April 21, 2017.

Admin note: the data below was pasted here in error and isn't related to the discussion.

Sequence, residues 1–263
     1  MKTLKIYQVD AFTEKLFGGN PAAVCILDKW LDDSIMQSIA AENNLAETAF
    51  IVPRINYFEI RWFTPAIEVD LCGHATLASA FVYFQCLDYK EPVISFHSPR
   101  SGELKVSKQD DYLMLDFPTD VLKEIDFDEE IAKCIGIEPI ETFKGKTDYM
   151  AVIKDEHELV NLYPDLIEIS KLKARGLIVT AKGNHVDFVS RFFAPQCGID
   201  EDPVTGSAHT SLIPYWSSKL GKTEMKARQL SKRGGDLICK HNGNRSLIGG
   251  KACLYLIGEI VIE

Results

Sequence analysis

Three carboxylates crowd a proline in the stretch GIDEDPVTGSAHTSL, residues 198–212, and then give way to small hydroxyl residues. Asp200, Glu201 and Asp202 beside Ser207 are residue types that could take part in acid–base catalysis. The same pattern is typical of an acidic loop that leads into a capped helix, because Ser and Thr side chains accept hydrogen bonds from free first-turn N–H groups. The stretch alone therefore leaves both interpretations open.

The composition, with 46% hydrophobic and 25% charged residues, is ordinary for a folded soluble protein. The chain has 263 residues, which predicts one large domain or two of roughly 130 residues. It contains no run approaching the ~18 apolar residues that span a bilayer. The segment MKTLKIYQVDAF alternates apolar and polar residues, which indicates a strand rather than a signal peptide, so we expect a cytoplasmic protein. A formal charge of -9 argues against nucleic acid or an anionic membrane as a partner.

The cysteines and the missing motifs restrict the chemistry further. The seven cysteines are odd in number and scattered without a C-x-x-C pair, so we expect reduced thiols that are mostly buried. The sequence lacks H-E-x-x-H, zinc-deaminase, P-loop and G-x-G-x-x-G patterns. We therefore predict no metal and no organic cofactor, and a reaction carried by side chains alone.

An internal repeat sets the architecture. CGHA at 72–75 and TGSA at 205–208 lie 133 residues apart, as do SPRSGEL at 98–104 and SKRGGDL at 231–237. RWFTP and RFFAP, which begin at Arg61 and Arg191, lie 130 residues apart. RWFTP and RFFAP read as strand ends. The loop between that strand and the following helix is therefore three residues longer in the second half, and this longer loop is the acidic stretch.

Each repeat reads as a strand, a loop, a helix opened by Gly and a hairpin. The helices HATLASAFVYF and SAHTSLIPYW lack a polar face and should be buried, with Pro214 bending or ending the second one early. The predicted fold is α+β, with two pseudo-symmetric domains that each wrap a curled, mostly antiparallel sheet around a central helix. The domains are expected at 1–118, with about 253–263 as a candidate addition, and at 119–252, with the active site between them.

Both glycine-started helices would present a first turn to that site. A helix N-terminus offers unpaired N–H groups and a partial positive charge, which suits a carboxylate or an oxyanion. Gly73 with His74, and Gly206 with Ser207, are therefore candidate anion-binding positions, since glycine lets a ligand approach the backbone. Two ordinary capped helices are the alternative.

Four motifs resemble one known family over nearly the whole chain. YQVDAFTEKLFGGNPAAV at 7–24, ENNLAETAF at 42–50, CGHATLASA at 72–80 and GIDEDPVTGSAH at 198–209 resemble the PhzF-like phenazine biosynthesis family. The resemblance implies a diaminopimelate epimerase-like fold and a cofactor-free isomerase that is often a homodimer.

Ah the smell of rain. So peaceful. So calming. Such a wonderful, pleasant smell. To the characters in Blake Robinson’s “The Scent of Rain and Lightning” rain doesn’t smell pleasant and peaceful, it smells like tragedy and despair. “The Scent of Rain and Lightning” is based on the novel by Nancy Pickard and tells the story about a young woman in the American midwest, Jody Linder (Maika Monroe), who discovers that the man who murdered her parents has been released from jail, but the catch is he may just be innocent! We follow Jody as she uncovers deep family secrets and tries to piece together the truth. For the most part, I really enjoyed Robinson’s film. It felt like I was watching a murder mystery directed by Terrence Malick; arthouse take on a whodunnit mystery. The camerawork reflects the characters and the midwest perfectly. Close-up shots frame the characters well, giving us the intimate feel of small town life while the camera constantly shakes and moves allowing the audience to feel a disturbance in every scene. For the most part this style of cinematography worked, but in certain scenes it was hard to understand what exactly was happening and what characters were involved. The characters were layered and complex, and allowed the actors to really dig deep into their roles with “It Follows” lead Maika Monroe and “Scott Pilgrim vs. the World” star Mark Webber being the standouts to me. The release of this convicted man tests the family and friends to a breaking point, and all the actors brought emotional complexity to their performances. I loved Robinson’s decision to not gift anything to the audience. You have to pay attention at all times to understand what’s going on, as the story’s timeline continually shifts from present to past with no handouts for the audience to grasp. You need to get used to the shifts, and Robinson really challenges the viewer’s attention. These shifts don’t really start until the 30 minute mark, and they really helped the pacing. The first bit of the film felt more like strings of exposition being thrown at us and less like Jody doing detective work. It’s hard to get into the story at the beginning, but once the characters get more fleshed out you fall deep into the story. I was more focused on the relationship and intricacies between the characters then I was on the whodunit aspect. It’s a shame the film switches beats and chooses to focus solely on this aspect which created a pretty lacklustre ending. Overall, “The Scent of Rain of Lightning” is a well directed arthouse take on a basic murder mystery story that is inhabited with complex characters and emotional performances, but falls in its first and third acts. If you like murder mysteries and whodunits with a fresh, updated look on the genre than I would recommend this film.